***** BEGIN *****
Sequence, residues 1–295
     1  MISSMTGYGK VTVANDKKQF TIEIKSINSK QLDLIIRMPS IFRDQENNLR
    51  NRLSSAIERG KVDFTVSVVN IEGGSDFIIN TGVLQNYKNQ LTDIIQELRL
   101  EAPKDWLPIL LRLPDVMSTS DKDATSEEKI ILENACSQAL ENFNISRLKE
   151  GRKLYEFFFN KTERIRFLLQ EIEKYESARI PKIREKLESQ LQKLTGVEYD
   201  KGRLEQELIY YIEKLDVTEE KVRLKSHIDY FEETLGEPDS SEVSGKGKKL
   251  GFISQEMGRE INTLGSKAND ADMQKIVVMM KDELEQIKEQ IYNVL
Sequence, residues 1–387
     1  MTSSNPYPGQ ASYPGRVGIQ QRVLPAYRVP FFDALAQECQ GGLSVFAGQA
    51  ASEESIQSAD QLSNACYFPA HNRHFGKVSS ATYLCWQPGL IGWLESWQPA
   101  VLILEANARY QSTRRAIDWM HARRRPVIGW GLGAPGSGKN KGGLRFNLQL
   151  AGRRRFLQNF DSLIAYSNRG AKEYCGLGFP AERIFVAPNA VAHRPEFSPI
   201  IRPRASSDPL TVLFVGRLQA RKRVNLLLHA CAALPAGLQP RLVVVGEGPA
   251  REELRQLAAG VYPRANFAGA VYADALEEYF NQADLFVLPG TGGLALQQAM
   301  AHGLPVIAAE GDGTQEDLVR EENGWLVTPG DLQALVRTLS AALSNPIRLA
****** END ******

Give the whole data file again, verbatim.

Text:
Sequence, residues 1–295
     1  MISSMTGYGK VTVANDKKQF TIEIKSINSK QLDLIIRMPS IFRDQENNLR
    51  NRLSSAIERG KVDFTVSVVN IEGGSDFIIN TGVLQNYKNQ LTDIIQELRL
   101  EAPKDWLPIL LRLPDVMSTS DKDATSEEKI ILENACSQAL ENFNISRLKE
   151  GRKLYEFFFN KTERIRFLLQ EIEKYESARI PKIREKLESQ LQKLTGVEYD
   201  KGRLEQELIY YIEKLDVTEE KVRLKSHIDY FEETLGEPDS SEVSGKGKKL
   251  GFISQEMGRE INTLGSKAND ADMQKIVVMM KDELEQIKEQ IYNVL
Sequence, residues 1–387
     1  MTSSNPYPGQ ASYPGRVGIQ QRVLPAYRVP FFDALAQECQ GGLSVFAGQA
    51  ASEESIQSAD QLSNACYFPA HNRHFGKVSS ATYLCWQPGL IGWLESWQPA
   101  VLILEANARY QSTRRAIDWM HARRRPVIGW GLGAPGSGKN KGGLRFNLQL
   151  AGRRRFLQNF DSLIAYSNRG AKEYCGLGFP AERIFVAPNA VAHRPEFSPI
   201  IRPRASSDPL TVLFVGRLQA RKRVNLLLHA CAALPAGLQP RLVVVGEGPA
   251  REELRQLAAG VYPRANFAGA VYADALEEYF NQADLFVLPG TGGLALQQAM
   301  AHGLPVIAAE GDGTQEDLVR EENGWLVTPG DLQALVRTLS AALSNPIRLA